BY GWENDA BROPHY
It's that time of year again - festivities, goodwill - and the seasonal surge in the instigation of divorce proceedings. It may not be the perfect time for clear thinking and forward planning, but taking decent financial advice now may make the path, pre- and post-divorce, smoother.
Divorce is expensive. Dividing the spoils of the marriage will make resources scarcer, so opting for specialist financial advice may seem an indulgent option, which risks duplicating the role of divorce solicitors.
But that is not so, says Donna Bradshaw, of independent financial adviser Fiona Price and Partners. "For a start, many solicitors have a lack of knowledge about financial products and financial planning generally. Our role is complementary. We develop contact with the solicitor to build a relationship that will best benefit the client."
Mark Ormerod, of IFA Hill Martin, agrees: "In divorce settlements we often provide financial advice and support both to clients and their solicitors." Don Percival, of SG Hambros, says most clients are introduced by a solicitor.
But what is the financial adviser's role? "Anyone going through a divorce should at least think about using a specialist financial adviser because their lives are about to change so radically," says Mr Percival.
"The main earner is likely to have to confront a set of liabilities which they will live with for a long time, and the person who was not the main earner is probably going to have to take a much greater interest in their own financial affairs if they are going to live independently and self-sufficiently. When their personal lives are in such turmoil many clients find it hard to focus on financial detail at all. The adviser's job is to apply an overall structure to their financial affairs."
Mr Ormerod says that the changes brought about with divorce will necessitate a new financial strategy, especially if a cash settlement is involved. "A specialist financial adviser can provide a full analysis of a client's financial position with realistic recommendations about his or her situation, and what he or she is trying to achieve, together with strategic financial planning and investment management advice," he says. "They are also likely to possess a depth of technical knowledge - for example, in the area of pensions."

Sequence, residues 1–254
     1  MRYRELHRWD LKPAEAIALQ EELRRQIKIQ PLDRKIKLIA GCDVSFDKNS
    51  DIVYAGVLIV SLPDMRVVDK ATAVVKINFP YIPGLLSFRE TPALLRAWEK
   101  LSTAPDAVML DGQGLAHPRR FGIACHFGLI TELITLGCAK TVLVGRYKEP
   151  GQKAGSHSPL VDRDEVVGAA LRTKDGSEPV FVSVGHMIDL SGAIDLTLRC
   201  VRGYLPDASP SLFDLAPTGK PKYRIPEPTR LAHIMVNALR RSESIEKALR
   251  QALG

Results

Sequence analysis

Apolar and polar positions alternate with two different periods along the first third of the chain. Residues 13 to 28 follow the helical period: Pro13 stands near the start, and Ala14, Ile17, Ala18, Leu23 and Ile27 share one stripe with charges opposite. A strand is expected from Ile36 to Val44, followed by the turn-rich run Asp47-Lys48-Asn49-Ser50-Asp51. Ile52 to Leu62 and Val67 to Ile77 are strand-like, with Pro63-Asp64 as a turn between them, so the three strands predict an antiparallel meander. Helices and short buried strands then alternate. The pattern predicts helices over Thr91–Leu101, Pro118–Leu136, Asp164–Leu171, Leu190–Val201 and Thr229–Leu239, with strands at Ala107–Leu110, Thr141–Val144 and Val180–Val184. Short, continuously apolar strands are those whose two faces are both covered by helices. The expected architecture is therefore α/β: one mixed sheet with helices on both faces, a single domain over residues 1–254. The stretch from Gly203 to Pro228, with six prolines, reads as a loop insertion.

For those going through a divorce, the question of the home usually dominates the agenda. " 'Where am I going to live and how much is that home going to cost me?' is usually the biggest issue," says Mr Percival. "In addition, for the main earner the question of how much they will have to pay and which assets and investments are going to be divided are also key concerns. The person who is not the main breadwinner will often be worried about how much they are going to be living on and, more broadly, how they are going to manage their affairs."
The larger the matrimonial financial pot, the greater is the rationale for using a financial adviser. "We would advise a minimum of net assets of around pounds 250,000 plus," says Mr Ormerod.
However, Ms Bradshaw says discerning financial advice is as vital for those with limited assets as for those with larger ones: "Life cover and future pension cover are important issues that need to be addressed by most divorcees."
n Contacts: Fiona Price and Partners, 020 7430 0366; Hill Martin Financial Planning and Investment Management, 020 7227 3700; SG Hambros 020 7597 3036.
BEFORE YOU APPOINT ADVISERS ...
Have an initial meeting, which should be at no cost or obligation. Does their manner and approach inspire trust and confidence?
n What is their reputation with divorce lawyers who have dealt with them? If possible, obtain references from other clients who have previously been advised by them.
n Check out how many years' experience they have in the divorce field.
n Is it a wholly independent company charging fees for its service on a time/cost basis to avoid product selling?
n Does it suit you? For example, does the organisation generally specialise in particular groups, such as women, or in high value divorce settlements?
n Take as much information as possible to the preliminary meeting. This could save time and cut the cost of the advice.